If you’ve heard of decision management before, you’ll know it as a set of processes for improving and streamlining action items. Decision management systems treat decisions as reusable assets and using predictive analytics, business rules, continuous improvement, etc., can provide automation at decision-making points along the way. You can imagine this happening quite frequently in the production line environment. But what about those decisions that can’t be automated—decisions that happen by committee, in a human environment.
Group decisions can be difficult to arrive at, and not just because of timezone considerations where stakeholders are not in the same location. But decision-making groups are also subject to the human flaws that affect other groups. There’s a terrific explanation of the pitfalls of group discussion on Wikipedia. Once we’ve arrived at a collective decision and we implement it, we might have tremendous success or colossal failure. Depending on the outcome, we may want to be able to repeat that, or avoid it. If the people who were in the room back then can’t remember how they arrived at a decision, or if any of those people have left the company, the tacit knowledge of how that decision was reached is out the door, too. It’s a perennial issue.
There’s a new SaaS product on the market with the goal of plugging this gap. Hexigo enables collaborative decision-making, holds stakeholders to decision-making deadlines, and retains all discussion and agreements/disagreements around the topic for later analysis.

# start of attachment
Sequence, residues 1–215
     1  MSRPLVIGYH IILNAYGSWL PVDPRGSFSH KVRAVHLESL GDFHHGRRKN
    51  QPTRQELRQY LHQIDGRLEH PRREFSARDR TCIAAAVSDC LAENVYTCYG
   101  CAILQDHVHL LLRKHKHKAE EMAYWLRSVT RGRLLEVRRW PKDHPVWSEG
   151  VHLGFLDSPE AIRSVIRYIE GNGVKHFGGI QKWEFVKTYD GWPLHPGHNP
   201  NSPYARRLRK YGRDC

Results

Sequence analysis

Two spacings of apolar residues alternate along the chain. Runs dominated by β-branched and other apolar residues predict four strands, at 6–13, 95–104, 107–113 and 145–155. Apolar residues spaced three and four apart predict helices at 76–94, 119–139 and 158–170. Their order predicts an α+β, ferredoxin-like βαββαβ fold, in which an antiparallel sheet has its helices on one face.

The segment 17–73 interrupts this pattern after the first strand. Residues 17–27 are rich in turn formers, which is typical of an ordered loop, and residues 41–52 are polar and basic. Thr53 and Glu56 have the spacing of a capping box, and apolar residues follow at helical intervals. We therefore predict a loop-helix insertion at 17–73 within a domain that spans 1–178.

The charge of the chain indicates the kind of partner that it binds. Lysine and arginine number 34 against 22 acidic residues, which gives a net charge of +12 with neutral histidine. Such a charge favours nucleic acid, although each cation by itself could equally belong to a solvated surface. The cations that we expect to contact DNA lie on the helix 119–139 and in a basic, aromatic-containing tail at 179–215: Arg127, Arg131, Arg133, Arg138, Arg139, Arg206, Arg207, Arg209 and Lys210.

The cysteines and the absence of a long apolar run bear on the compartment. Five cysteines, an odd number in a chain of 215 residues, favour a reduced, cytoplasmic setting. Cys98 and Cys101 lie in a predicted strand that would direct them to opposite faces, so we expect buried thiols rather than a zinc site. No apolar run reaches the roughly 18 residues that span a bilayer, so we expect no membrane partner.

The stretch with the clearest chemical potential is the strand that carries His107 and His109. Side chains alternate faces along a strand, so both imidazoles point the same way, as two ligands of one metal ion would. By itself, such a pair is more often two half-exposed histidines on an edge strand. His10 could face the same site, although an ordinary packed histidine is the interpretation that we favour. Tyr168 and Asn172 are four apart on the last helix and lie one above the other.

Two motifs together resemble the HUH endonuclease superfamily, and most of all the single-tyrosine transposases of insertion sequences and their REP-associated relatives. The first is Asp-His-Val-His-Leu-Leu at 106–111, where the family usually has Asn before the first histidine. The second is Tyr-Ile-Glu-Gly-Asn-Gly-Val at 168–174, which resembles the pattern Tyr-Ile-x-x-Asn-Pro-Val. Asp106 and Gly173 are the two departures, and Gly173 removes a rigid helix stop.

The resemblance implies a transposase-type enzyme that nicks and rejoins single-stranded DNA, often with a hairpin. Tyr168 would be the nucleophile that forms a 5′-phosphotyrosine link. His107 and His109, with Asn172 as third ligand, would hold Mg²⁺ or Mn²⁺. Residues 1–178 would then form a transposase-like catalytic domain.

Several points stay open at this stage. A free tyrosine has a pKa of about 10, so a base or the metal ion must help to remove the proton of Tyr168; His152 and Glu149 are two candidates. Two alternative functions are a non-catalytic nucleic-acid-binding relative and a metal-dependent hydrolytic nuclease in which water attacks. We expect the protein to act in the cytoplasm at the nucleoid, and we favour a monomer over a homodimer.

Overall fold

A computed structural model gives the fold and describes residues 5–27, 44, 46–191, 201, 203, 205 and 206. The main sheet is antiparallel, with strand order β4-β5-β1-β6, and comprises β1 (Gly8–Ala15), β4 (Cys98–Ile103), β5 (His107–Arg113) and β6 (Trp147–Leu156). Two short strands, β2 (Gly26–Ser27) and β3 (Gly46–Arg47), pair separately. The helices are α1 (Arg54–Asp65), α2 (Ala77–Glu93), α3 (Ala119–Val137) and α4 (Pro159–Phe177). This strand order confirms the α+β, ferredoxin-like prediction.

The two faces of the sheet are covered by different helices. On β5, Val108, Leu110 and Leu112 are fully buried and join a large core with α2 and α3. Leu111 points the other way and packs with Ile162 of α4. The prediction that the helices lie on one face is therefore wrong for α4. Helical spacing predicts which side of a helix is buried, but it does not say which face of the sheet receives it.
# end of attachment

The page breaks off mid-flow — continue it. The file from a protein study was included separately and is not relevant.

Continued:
Hexigo works around the idea of groups, as you’d expect. Stakeholders are invited to join the group, which contains current and approved decisions. Group moderators are responsible for signing off proposed decisions. At the user profile level, users can see every discussion they’re involved with, including those with approaching deadlines. They’re also notified about decisions they’ve not yet participated in.
Groups can be public or private, but on the roadmap is the option to hide groups from the general listing. Also on the roadmap is the ability to assign action items and KPIs, and there are plans to integrate with enterprise social and project management tools. With some well-known customers already, Hexigo seems to scratch an itch—especially for those organisations who don’t even know whether the decisions they make are good or not—but as a tool that aims to solve one of enterprise’s biggest knowledge retention issues, it’s yearning to be part of a broader project management solution. Hopefully for Hexigo, that kind of integration will come sooner rather than later.